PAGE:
“We rely on the documents, and we rely on the good faith of the ship captain, that everything is fine with the vessel, it is seaworthy, has lifesaving equipment, at maayos ’yung papeles (the papers are in order),” he said. 

Balilo said it would be difficult for coast guard personnel to determine during pre-departure inspection whether the documents are valid or not when the vessel is already ready to sail.  He said in another radio interview that if RDC’s documents were spurious, then the shipowner should be held liable. 

He compared the ship’s CPC to a motor vehicle’s registration documents, saying these should always be in order and presented during inspections. 

Balilo also corrected the volume of oil carried by the sunken ship, saying MT Princess Empress was actually carrying 900,000 liters, not 800,000 as reported by authorities, when it left the port in Limay, Bataan. 

“900,000 sa kanilang declaration, pero base po sa pagsusuri hindi naman eto overloaded,” he said. (The ship declared it was carrying 900,000 liters, but it wasn’t overloaded upon review.)

MT Princess Empress was a 500-ton oil tanker, which RDC bought in 2022. 

Although the PCG is mandated to conduct pre-inspection of vessels, Balilo said it had limited personnel for thorough inspections. He said the coast guard personnel may also not be fully qualified to inspect the cargo of oil tankers.

“’Yun ang dilemma natin d’yan. Pagka talagang tiningnan ’yung mga cargo, wala naman expertise ang PCG personnel pagdating sa cargo handling and inspection of oil,” he said. “Kaya po, ’yung mga kargo, umaasa tayo sa declaration. We focus more on the documents and seaworthiness ng barko.”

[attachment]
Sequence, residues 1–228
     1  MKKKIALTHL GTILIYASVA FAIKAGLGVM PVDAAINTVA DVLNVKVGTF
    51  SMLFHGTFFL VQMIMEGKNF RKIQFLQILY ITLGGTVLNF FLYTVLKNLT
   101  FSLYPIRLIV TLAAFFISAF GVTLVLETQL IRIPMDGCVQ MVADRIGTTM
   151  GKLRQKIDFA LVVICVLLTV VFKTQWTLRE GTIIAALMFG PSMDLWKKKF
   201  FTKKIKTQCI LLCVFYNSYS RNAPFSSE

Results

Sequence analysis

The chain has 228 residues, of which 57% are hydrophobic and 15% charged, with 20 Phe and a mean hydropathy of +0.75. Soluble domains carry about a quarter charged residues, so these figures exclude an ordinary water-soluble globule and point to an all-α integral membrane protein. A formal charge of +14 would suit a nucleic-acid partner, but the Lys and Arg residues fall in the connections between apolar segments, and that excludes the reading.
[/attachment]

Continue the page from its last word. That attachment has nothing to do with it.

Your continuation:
(That’s our dilemma. If we are to really check the cargo, PCG personnel have no expertise on cargo handling and inspection of oil. So, when it comes to cargo, we rely on the declaration. We focus more on the documents and seaworthiness of the ship.)

‘Only in the Philippines’

Balilo said the Philippines was the only country in the world that still mandates its coast guard to inspect vessels prior to departure, adding that the PCG had long been asking Congress to remove this from its functions.

Tayo lang sa buong mundo and may mandato na inspeksiyunin ang barko,” he said. (We are the only country in the world mandating its coast guard to conduct pre-departure inspections.)

PCG Deputy Commander Jay Tarriela, in an opinion piece published by Rappler in 2019, said pre-departure inspection of vessels should no longer be a task of the coast guard.

“The PCG officials are always put in the limelight after every incident. They are the ones held accountable to the public to explain why vessels collided or capsized. They are the ones crucified in matters that concern the unseaworthiness of the vessel or the excessive number of passengers on board. The rationale behind such thinking is because they are the last government agency that should ensure that the riding public would be safe,” Tarriela wrote.

“Ironic as it may seem, it is because of this PCG mandate that the public has forgotten the shipowners who were given ‘Certificate of Public Convenience’ as a license to operate and have this responsibility. The PCG’s performance of the predeparture inspection takes away this burden of responsibility from the shipowners.” – Rappler.com

LIST: Major oil spills in the Philippines

LIST: Major oil spills in the Philippines

Add a comment

Sort by

There are no comments yet. Add your comment to start the conversation.

Summarize this article with AI

How does this make you feel?

Download the Rappler App!
Avatar photo


Isagani de Castro Jr.

Before he joined Rappler as senior desk editor, Isagani de Castro Jr. was longest-serving editor in chief of ABS-CBN News online. He had reported for the investigative magazine Newsbreak, Asahi Shimbun Manila, and Business Day. He has written chapters for books on politics, international relations, and civil society.